Though Italian is “coming back” to me, I continue to struggle to understand all conversations, especially when the speech is rapid fire, as is usually done in all languages by native speakers. But it is good practice to try to understand and even to ask questions in the midst of conversation that I may not fully grasp. And just as “at home,” some speak more slowly and clearly than others.
With all of this in mind, I try to spend time each day going over language books I have used in the past, especially “La Lingua Italiana Per Stranieri,” by Katerin Katerinov and Maria Clotilde Boriosi. I find it an excellent tool still, as it was for me in the mid-1980’s. I worked for many months with the book at Christ in the Desert before actually enrolling in a language school in the city of Florence (Firenze), Italy, summer of 1985.
I am now regularly celebrating Mass and preaching in Italian, which is also good practice for me. In the Subiaco Cassinese curia where I live and work there is always a group of resident monks and laity, for whom daily morning Mass is an important part of the day. I am happy to help in this or to concelebrate if one of the other priests here is celebrant that day.
Daily Mass at Sant’Ambrogio is for the most part recited, but we sing the Kyrie eleison (it’s Greek!), Gospel Acclamation (Alleluia—it’s Hebrew!) as well as the Sanctus and Agnus Dei (in Latin!) and the Great Amen (also Hebrew) before the Our Father (Padre nostro, in Italian). Fortunately the group here is comfortable singing, so the sound is not bad, and presumably pleasing to God no matter how it sounds.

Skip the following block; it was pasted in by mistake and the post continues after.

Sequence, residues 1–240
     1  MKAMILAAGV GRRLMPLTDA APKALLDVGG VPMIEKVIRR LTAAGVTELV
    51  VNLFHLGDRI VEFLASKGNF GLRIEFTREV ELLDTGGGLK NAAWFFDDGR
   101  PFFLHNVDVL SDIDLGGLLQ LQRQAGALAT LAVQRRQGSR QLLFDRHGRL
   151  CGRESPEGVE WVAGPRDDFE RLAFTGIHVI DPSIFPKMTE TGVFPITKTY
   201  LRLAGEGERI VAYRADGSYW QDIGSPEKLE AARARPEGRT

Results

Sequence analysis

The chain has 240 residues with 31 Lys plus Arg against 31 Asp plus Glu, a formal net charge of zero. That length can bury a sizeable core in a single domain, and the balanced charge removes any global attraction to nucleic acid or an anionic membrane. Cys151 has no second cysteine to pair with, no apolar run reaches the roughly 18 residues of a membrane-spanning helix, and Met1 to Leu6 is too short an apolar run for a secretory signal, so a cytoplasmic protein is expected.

The small “house chapel” at Sant’Ambrogio is about 20 feet long and some 15 feet wide. It is a quiet, heated space, where the Blessed Sacrament is reserved and with wooden choir benches for about twelve people. We are rarely more than five or six present at Divine Office and Mass. One monk priest is always absent for the morning Mass here, serving as chaplain to the nearby monastery of Benedictine nuns of Tor de’Specchi, a five minute walk away.
One can visit the attractive website of “Monastero Tor de’Specchi,” and while the text is all in Italian, the beautiful photos of the historic building and some of its art work are well worth seeing. It’s hard to believe the hustle and bustle of busy Rome is just outside the doors of the quiet cloister of Tor de’Specchi. That monastery is not normally open to the public for visits, but on the feast day (March 9th) of Saint Frances of Rome (who lived from 1384-1440), who founded the Benedictine Oblate Congregation to which the Tor de’Spechhi nuns belong, there is a possibility of seeing inside. At least I believe that is still the custom, though will have to ask. Time your next visit to Rome to coincide with Tor de’Specchi being open.
In my slow but sure adapting to a new country (though not completely so for me), language, diet and climate, I am staying well, trying to “get out and walk” every day. It has been cold in the mornings, though certainly above freezing, but the best time for me to walk seems to be in the afternoons. There are many quiet side streets that make such exercise easier than trying to “fight the crowds” in Piazza Venezia, Largo Argentina and Corso Vittorio Emanuele nearby. Sometimes I am still in wonder that I am (and why I am) here, but with a definite purpose and “call” to be here by our Abbot President, it makes the reality more acceptable to my sometimes interior protestations.